Double standards are an unpleasant reality of life — and it’s usually those who are subjected to them that notice. Behavioral requirements differ between races, genders, and sexualities; what’s considered appropriate or forgivable for those in power is punished, sometimes severely, for those who aren’t. The three new books for teens in this week’s book club both recognize the double standards still regrettably present today and are having none of them. They point out the differences in how men and women are treated in an attempt to isolate and remedy the problem. We’re already hoping our teens will save the world; this is one good step.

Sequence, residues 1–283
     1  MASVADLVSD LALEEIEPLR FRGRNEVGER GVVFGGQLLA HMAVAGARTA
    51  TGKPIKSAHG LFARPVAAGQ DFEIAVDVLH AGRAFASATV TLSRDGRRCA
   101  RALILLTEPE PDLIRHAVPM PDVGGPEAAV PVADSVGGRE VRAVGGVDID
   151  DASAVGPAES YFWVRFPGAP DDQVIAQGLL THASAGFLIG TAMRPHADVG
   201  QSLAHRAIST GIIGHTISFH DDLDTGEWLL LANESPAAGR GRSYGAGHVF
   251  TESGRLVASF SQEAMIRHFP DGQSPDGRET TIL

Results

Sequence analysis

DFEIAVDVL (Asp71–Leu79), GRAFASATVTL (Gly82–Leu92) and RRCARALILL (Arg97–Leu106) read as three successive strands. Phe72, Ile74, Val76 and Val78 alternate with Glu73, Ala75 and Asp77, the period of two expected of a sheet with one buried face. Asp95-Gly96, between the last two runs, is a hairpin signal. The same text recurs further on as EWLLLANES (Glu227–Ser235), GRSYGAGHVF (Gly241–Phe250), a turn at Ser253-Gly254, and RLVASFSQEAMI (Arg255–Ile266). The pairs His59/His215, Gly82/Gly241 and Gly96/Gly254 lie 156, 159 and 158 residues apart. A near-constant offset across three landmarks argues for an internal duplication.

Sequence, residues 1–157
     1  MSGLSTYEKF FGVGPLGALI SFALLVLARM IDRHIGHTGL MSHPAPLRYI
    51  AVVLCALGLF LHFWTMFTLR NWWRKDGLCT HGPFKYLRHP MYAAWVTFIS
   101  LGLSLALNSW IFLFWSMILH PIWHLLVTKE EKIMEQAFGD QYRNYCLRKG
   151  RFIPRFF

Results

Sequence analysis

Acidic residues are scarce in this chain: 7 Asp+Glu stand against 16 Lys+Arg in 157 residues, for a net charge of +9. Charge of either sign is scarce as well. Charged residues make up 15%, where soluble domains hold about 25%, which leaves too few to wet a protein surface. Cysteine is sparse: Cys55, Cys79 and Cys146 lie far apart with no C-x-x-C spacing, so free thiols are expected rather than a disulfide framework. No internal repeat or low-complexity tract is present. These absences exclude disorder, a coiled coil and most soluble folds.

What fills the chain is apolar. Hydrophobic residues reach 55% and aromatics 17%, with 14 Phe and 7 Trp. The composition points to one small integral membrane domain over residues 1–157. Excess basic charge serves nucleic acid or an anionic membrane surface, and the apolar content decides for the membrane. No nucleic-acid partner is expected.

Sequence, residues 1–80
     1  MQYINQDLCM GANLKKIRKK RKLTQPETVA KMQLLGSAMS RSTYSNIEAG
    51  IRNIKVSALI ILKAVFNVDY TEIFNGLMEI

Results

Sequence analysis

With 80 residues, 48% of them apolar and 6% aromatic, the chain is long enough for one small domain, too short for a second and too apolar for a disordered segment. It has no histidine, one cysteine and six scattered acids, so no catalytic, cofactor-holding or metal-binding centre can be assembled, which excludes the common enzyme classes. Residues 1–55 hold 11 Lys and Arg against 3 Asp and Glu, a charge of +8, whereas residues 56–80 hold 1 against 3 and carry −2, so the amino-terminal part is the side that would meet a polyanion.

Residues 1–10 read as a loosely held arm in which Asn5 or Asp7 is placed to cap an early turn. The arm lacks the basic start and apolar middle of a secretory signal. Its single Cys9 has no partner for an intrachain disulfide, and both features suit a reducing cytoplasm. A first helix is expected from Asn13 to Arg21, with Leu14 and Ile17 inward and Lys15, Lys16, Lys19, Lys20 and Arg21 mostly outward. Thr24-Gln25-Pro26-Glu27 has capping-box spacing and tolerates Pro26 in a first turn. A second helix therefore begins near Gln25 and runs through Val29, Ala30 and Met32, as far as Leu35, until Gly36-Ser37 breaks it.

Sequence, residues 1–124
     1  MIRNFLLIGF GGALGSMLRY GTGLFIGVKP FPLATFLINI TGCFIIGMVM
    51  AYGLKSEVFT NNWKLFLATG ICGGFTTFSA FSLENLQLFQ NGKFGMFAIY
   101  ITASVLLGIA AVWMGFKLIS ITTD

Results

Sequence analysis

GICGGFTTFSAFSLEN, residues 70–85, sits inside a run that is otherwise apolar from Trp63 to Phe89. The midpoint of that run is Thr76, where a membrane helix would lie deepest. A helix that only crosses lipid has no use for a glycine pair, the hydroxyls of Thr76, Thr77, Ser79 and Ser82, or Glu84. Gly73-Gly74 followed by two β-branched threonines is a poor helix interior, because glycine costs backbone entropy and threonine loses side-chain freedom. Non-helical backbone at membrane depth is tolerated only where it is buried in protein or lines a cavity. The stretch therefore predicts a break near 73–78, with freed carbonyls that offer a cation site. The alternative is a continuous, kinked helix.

1. The Accidental Bad Girl by Maxine Kaplan ($19): Kendall seemingly has very little to complain about. Although the mean girls in her group who rule her small Brooklyn private school don’t exactly keep their mouths shut, Kendall says, “I heard no evil, saw no evil, and spoke no evil. I hadn’t rocked the high school boat.” She’s also wealthy, white, and popular. Then, heading into her senior year, Kendall is discovered about to have sex, and not just any sex — she’s with her best friend Audrey’s ex-boyfriend Grant in the equipment cage of the school gym. You’d think both of them would suffer the same consequences, but Grant, who knew they would be discovered, weathers the storm intact and even lauded by his friends. It’s Kendall who is the new social pariah, and she begins to understand that her privilege doesn’t completely insulate her from society’s vicious double standards.